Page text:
The Korea Herald


[News Focus] Should ban on short selling be lifted?

Retail investors question if foreigners will turn away from Korean stocks if short selling is banned permanently

By Kim Yon-se

Published : March 23, 2021 - 16:49

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Officials celebrate the Kospi index reaching the 3,000-point mark on Jan. 7 in a picture on the Korea Exchange homepage. (A capture of the Korea Exchange’s website) Officials celebrate the Kospi index reaching the 3,000-point mark on Jan. 7 in a picture on the Korea Exchange homepage. (A capture of the Korea Exchange’s website)
SEJONG -- Short selling, which is under a provisional ban in South Korea, has been a core issue in the local financial market since the novel coronavirus initially hit the nation 14 months ago.

Short selling is a trading strategy in which investors are entitled to sell “borrowed” stocks at particular prices. They can reap gains by repurchasing the stocks -- which is dubbed “short covering” -- at lower prices later.

Before COVID-19 dealt a blow to the country, local and foreign institutional investors could rake in huge gains via the trading strategy. Individual traders, who are more prone to losing money, had continuously called on financial regulators to halt the sort of trading in the local capital market.

Although individuals were also allowed to engage in short selling, they were subject to stern regulatory rules compared to institutions. Even if the regulations were equal, individuals would not have been able to catch up with institutions in terms of funding power to conduct dumping of massive shares and repay them within a designated period.

But the ban has led to retail investors pondering, “Is maintaining short sales a primary requisite to attract foreign investors to Korea?”

The benchmark stock index Kospi climbed by 104.7 percent in only a year from 1,482.46 points on March 23, 2020 to 3,035.46 on March 22, which has run counter to sagging economic indices amid the COVID-19 pandemic.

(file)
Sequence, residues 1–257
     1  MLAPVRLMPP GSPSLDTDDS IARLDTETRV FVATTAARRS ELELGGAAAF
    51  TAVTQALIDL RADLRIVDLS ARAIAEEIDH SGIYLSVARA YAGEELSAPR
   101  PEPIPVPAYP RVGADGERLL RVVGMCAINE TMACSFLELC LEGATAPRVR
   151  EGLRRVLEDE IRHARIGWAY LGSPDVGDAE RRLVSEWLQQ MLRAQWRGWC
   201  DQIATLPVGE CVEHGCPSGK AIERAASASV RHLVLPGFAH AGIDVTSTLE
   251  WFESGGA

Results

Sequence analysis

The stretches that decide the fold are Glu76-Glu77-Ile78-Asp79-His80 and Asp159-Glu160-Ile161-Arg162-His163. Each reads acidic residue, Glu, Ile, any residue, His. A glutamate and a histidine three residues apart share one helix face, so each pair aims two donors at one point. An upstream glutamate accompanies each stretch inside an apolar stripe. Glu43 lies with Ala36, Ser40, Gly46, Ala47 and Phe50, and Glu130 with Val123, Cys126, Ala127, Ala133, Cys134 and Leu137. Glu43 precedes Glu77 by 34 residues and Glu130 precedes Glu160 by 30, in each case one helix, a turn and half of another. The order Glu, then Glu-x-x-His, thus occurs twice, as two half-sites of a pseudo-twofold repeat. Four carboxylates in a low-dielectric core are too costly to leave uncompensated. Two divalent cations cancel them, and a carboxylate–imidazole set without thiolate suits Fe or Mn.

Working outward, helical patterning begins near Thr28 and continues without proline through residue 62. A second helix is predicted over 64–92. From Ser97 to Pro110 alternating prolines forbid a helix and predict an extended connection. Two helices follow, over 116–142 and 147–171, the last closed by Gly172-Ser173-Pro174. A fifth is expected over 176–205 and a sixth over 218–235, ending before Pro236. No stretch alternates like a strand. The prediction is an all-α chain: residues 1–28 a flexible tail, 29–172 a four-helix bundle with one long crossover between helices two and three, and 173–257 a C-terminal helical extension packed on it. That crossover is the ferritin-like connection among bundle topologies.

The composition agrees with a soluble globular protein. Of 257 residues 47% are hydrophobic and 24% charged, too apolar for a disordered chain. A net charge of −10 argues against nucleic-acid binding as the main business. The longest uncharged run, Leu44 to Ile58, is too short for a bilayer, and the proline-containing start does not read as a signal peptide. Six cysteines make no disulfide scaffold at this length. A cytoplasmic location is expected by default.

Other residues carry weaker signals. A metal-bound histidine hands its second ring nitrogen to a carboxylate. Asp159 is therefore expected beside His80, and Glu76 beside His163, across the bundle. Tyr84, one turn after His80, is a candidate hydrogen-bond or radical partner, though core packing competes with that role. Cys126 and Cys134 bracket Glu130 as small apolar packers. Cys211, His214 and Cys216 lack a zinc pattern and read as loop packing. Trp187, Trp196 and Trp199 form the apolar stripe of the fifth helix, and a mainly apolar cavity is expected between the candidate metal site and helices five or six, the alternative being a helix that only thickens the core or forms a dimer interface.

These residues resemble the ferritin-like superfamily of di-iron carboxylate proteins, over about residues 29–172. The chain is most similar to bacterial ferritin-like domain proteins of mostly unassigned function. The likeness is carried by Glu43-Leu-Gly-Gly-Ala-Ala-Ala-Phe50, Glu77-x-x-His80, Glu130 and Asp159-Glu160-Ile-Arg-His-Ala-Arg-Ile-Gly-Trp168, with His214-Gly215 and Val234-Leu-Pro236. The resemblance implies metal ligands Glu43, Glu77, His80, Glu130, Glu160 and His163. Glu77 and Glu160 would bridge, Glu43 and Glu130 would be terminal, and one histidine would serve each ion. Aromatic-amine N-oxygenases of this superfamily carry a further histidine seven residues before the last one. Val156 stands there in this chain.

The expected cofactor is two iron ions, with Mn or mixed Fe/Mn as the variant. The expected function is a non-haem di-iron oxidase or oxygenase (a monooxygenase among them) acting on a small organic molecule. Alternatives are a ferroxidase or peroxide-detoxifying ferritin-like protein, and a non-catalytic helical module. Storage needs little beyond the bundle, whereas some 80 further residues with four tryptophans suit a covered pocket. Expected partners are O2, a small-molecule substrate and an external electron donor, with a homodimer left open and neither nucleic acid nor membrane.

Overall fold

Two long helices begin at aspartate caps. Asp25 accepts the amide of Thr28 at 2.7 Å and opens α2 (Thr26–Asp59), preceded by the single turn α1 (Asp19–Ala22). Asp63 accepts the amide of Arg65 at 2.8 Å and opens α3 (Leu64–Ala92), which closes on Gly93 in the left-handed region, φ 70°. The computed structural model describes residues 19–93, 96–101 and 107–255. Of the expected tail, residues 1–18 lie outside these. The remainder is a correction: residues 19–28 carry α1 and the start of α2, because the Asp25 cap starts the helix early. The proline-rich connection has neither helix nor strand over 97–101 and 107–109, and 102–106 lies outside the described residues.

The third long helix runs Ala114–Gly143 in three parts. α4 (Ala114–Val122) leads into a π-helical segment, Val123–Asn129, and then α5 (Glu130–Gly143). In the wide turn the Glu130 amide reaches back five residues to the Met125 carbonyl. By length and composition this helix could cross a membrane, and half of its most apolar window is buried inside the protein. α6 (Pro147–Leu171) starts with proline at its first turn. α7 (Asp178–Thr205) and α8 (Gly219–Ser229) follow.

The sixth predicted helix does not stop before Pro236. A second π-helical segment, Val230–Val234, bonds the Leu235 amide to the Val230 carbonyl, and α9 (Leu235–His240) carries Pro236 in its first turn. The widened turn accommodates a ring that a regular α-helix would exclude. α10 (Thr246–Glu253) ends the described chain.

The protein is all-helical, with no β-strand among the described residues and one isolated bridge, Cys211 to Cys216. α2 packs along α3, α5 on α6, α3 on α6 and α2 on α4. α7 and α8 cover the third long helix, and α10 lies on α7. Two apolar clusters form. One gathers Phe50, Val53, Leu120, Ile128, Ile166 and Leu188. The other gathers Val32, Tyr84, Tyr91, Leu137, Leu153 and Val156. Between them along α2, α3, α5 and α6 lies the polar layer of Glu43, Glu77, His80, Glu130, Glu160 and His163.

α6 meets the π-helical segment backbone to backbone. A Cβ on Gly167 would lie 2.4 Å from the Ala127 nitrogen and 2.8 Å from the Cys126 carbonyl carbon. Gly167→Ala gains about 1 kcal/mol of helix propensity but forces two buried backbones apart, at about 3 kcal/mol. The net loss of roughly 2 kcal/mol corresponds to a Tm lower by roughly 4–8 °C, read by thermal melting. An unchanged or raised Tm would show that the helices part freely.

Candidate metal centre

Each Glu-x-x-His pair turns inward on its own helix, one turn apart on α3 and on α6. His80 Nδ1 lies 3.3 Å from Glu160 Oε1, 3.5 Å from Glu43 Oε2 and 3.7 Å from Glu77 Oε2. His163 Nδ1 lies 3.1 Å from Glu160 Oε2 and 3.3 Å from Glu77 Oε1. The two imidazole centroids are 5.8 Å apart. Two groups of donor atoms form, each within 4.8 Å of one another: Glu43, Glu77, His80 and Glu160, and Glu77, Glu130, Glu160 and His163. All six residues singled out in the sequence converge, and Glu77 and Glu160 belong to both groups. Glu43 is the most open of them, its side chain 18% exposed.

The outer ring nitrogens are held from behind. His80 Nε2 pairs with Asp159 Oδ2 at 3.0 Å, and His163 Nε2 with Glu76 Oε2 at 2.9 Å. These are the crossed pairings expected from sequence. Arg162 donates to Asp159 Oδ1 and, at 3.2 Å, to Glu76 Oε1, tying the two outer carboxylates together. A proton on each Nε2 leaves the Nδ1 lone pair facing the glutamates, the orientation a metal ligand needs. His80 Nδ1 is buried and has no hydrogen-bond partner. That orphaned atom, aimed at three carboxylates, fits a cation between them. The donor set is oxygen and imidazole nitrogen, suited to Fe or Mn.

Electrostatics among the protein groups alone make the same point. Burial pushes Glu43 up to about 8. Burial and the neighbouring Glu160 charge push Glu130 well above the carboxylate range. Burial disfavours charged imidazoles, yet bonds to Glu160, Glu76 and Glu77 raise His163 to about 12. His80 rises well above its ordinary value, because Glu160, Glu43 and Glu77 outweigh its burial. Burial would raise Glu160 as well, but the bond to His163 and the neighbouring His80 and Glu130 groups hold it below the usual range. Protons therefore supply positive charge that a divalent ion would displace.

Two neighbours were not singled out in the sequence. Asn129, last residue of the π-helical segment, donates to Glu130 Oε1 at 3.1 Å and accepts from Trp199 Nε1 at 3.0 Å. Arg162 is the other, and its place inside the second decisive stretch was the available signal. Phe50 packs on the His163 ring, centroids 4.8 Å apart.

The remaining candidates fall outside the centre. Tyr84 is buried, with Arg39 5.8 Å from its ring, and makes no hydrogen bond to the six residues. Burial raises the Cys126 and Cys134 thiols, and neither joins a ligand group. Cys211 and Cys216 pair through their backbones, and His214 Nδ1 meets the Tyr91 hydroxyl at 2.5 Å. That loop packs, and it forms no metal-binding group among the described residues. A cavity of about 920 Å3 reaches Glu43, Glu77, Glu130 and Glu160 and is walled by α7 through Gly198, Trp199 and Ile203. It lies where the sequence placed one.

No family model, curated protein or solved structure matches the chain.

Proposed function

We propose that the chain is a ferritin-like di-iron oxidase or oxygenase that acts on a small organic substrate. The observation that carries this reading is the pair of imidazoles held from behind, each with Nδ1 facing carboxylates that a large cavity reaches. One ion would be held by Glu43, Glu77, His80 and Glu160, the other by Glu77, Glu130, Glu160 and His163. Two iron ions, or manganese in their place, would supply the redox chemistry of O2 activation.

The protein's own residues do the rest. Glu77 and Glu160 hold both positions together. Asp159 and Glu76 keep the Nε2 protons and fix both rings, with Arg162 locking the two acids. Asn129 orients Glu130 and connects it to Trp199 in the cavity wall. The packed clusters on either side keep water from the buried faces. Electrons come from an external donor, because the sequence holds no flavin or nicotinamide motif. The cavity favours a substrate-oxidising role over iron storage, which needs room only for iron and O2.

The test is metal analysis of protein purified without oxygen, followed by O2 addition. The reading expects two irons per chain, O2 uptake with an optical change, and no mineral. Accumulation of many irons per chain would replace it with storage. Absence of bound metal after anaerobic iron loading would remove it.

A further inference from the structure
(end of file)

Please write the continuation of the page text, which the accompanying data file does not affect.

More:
The nation’s booming stock market has stunned many in the middle of the pandemic. In January, the first-tier index surpassed the 3,000-point mark for the first time in history.

A large portion of retail investors and some research analysts share the view that the bullish stock market has been in part helped by the temporary ban on short selling in place since March 16, 2020.

But the Financial Services Commission last month decided they would start lifting the ban from May 3 on a gradual basis.

The FSC eventually rejected the growing calls from individuals for months -- or for years before the pandemic -- on banning short selling on the local capital market permanently.

Regulatory officials and some working in the brokerage industry have claimed that its abolishment would go against global standards and undermine Korea’s creditworthiness. Some of them have argued that short selling has the proper function of tackling an overheated stock market.

But it seems that these arguments have not convinced most retail investors. One online user said that “the adverse effect of short selling is that small investors frequently become the prey of local and foreign institutional short sellers. The financial authority has glossed over the situation for many years.”

“Stock prices should totally be swayed by the market principle and corporate value. Skills like short sales used to distort the market, like artificially pulling down equity prices of a company with robust fundamentals and steady earnings,” one commenter said.

Another questioned, “Will foreign investors really leave the local capital market if Korea issues a permanent ban on short selling? Korean individuals could reap gains during the ban period (since March 2020). Do foreigners have little capability to enjoy gains without short selling?”

The FSC has pledged to map out ways to allow extended opportunities of short selling for individuals, as part of efforts to provide a level playing field.

But most retail investors are seemingly skeptical about the policy. Some pointed to institutions allegedly engaging in illegal trading via “naked short selling,” which means to sell “nonexistent” stocks.

“Though naked short selling it not permitted in Korea, there have been a series of rule-perpetrators for at least several years. Most of them were subject to just regulatory cautions or fines, instead of being punished like business suspension or being handed over to criminal investigators,” one commenter said.

Earlier this year, the International Monetary Fund said they backed the Korean government’s move to resume the short sale trading.

By Kim Yon-se (